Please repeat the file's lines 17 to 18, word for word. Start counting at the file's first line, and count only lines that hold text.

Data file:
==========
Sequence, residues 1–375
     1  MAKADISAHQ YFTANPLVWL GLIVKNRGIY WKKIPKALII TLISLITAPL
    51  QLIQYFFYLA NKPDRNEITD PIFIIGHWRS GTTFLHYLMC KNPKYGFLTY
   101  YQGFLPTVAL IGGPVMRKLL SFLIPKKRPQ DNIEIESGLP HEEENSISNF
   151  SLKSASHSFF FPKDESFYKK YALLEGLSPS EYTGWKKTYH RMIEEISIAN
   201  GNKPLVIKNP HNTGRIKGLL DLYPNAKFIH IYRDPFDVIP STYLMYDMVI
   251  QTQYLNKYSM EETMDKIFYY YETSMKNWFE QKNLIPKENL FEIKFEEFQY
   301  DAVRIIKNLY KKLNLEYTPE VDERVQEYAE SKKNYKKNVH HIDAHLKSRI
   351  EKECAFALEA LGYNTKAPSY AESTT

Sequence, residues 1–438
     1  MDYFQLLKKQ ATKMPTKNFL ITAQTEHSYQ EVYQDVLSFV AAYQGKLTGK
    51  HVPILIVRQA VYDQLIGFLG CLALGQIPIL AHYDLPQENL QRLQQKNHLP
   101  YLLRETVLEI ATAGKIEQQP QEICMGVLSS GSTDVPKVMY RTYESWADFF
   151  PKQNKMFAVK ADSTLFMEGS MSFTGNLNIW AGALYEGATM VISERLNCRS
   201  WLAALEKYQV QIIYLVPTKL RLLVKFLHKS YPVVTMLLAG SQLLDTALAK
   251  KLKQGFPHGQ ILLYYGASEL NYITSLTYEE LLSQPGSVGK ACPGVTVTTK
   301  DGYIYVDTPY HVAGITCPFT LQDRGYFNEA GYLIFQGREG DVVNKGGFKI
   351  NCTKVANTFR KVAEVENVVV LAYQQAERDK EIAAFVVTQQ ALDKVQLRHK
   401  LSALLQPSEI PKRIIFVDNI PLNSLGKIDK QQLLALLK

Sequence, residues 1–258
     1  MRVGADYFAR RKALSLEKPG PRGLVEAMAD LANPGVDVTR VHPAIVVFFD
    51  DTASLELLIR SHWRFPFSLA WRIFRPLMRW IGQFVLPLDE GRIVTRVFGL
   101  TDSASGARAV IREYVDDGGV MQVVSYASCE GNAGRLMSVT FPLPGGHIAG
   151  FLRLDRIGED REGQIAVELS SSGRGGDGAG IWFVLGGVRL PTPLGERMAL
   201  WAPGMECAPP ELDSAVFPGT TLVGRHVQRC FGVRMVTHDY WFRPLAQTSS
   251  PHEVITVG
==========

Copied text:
   301  DGYIYVDTPY HVAGITCPFT LQDRGYFNEA GYLIFQGREG DVVNKGGFKI
   351  NCTKVANTFR KVAEVENVVV LAYQQAERDK EIAAFVVTQQ ALDKVQLRHK